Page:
1. If you are not up to date on your COVID-19 vaccines, including booster and additional doses if eligible, based on age and health status you are required to quarantine for at least 5 days after last contact with the person with COVID-19.  You can leave quarantine so long as you don’t develop symptoms and continue to wear a well-fitting mask when inside buildings on campus through day 10 after last contact with a person with COVID-19.
  2. If you are up to date on your COVID-19 vaccines, including boosters and additional doses if eligible, based on age and health status you do not need to quarantine.
  3. If you have tested positive for COVID-19 with a viral test  (not home test/self-test) within the previous 90 days and recovered you do not need to be quarantined.

Everyone should take the following steps:

  • get tested for COVID-19 at least 5 days after your last contact with the person with COVID-19.
  • If you tested positive with a COVID-19 viral test within the previous 90 days and recovered, use an antigen test (not a PCR test) to test at least 5 days after last contact with the person with COVID-19.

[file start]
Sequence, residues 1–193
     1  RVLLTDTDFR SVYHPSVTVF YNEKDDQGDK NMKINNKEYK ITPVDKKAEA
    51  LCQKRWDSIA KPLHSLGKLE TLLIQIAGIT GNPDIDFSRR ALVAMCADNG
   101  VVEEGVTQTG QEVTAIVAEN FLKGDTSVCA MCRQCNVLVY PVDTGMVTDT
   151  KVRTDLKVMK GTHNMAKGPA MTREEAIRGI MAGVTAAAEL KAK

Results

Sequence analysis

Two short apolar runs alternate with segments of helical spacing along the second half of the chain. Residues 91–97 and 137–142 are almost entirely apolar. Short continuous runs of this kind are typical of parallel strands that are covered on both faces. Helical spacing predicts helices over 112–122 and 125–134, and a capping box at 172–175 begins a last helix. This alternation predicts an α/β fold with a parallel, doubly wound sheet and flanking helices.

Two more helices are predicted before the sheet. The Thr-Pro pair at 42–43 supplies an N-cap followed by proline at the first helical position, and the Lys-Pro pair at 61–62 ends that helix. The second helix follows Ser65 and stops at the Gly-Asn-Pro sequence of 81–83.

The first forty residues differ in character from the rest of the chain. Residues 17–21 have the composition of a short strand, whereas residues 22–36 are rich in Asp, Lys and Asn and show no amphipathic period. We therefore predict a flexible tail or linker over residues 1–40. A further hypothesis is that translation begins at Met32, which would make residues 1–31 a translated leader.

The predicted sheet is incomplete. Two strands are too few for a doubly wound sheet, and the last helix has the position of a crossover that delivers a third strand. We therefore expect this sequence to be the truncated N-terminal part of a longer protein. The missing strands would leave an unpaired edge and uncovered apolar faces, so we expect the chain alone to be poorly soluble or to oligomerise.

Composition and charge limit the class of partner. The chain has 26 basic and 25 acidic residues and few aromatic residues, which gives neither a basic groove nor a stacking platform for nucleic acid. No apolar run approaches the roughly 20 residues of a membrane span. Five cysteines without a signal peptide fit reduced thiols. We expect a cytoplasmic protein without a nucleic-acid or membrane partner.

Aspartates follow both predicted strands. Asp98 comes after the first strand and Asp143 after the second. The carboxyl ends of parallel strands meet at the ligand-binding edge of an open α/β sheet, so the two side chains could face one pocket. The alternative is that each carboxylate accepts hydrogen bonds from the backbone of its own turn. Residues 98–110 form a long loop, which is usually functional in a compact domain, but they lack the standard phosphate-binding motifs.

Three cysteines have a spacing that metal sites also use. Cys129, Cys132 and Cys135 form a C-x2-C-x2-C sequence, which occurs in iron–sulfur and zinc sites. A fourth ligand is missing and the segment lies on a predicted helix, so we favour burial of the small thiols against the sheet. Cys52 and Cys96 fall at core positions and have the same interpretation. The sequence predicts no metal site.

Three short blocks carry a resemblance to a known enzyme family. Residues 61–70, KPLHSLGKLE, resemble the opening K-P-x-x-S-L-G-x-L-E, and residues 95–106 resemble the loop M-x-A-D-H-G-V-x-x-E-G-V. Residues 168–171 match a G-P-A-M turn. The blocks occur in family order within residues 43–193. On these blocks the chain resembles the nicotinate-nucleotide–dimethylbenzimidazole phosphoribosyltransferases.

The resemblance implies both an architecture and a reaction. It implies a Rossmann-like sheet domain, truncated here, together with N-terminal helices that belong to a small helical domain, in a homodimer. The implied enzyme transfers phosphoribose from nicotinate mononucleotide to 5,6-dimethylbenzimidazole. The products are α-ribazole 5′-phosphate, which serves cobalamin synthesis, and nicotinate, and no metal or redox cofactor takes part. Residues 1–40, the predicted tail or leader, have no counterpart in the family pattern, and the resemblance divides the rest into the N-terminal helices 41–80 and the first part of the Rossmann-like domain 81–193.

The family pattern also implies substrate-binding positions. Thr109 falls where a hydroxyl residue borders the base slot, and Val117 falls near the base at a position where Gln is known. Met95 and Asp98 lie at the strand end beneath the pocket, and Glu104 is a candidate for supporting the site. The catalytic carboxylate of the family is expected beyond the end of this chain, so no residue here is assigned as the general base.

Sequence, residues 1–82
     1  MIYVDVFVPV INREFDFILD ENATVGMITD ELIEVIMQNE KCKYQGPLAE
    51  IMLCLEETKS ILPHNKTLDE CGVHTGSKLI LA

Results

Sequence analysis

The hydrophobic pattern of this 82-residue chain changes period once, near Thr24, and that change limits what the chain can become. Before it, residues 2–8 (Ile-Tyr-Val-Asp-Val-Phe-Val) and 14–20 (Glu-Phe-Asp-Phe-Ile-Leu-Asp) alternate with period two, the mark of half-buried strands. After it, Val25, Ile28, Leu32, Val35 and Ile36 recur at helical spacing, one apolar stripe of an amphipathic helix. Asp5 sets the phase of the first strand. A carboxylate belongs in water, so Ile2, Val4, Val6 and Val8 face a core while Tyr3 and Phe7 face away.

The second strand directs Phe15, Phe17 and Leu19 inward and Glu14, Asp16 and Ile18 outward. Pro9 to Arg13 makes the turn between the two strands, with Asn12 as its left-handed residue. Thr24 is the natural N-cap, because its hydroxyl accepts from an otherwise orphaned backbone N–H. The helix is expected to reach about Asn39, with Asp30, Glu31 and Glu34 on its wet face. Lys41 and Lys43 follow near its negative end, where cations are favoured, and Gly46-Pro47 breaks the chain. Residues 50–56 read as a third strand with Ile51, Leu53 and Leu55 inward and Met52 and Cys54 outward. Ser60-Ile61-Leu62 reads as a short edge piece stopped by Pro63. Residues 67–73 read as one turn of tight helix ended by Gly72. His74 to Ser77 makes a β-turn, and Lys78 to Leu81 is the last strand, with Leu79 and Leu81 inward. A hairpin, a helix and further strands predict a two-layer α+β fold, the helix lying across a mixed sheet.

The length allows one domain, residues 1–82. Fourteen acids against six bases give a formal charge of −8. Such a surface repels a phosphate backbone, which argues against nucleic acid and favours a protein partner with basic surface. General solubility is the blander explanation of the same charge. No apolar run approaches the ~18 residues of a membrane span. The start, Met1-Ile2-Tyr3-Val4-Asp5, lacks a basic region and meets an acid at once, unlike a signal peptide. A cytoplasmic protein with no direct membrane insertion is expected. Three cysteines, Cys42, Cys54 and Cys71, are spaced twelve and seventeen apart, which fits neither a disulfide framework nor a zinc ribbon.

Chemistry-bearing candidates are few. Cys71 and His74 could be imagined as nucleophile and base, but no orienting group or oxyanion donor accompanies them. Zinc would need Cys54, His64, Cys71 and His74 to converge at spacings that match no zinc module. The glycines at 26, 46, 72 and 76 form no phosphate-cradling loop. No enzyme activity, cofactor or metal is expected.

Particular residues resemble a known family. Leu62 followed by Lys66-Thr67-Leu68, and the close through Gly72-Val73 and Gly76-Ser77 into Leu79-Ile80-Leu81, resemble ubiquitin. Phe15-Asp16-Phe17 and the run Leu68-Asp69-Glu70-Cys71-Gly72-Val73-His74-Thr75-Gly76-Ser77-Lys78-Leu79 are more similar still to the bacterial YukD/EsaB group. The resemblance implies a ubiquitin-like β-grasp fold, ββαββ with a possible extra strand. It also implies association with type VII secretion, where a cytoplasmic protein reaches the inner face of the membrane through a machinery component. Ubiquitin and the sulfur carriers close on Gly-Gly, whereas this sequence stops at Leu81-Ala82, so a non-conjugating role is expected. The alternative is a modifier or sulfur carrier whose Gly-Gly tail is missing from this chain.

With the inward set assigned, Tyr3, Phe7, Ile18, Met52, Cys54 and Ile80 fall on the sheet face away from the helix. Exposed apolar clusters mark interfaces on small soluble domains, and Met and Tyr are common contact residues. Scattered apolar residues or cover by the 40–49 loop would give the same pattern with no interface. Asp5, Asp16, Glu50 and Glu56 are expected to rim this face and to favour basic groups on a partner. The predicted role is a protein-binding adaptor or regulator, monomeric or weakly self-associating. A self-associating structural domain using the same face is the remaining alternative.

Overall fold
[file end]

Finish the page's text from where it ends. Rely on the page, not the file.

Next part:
• If you test positive, follow guidance in What to Do if you Test Positive for COVID-19.

Yes. Wearing a well-fitting face mask (KN95, N95 or well fitting disposable surgical face mask) is required when inside buildings on campus.  When possible with continuous exposure at home, regardless of vaccination status, it is recommended to test every 24-48 hours until day 5 after the last positive household member’s isolation has ended.

Encourage frequent hand washing and good respiratory etiquette.

– Cover nose and mouth with a tissue when coughing or sneezing, throw used tissues in trash

– Coughing and sneezing into elbow, not hands when a tissue is not available

Clean and disinfect high-touch surfaces like doorknobs, faucet handles, check-in counters, drinking fountains and restrooms.  Once a day general cleaning with soap and water is enough to sufficiently remove viruses that may be on surfaces following CDC and WA DOH guidance.

Disinfection is recommended when an individual has been in an area within the past 24 hours and was infectious with COVID-19. Normal infectious period starts 2 days prior to symptoms or if asymptomatic 2 days before taking the test through day 10. Case investigation will determine if disinfection is required.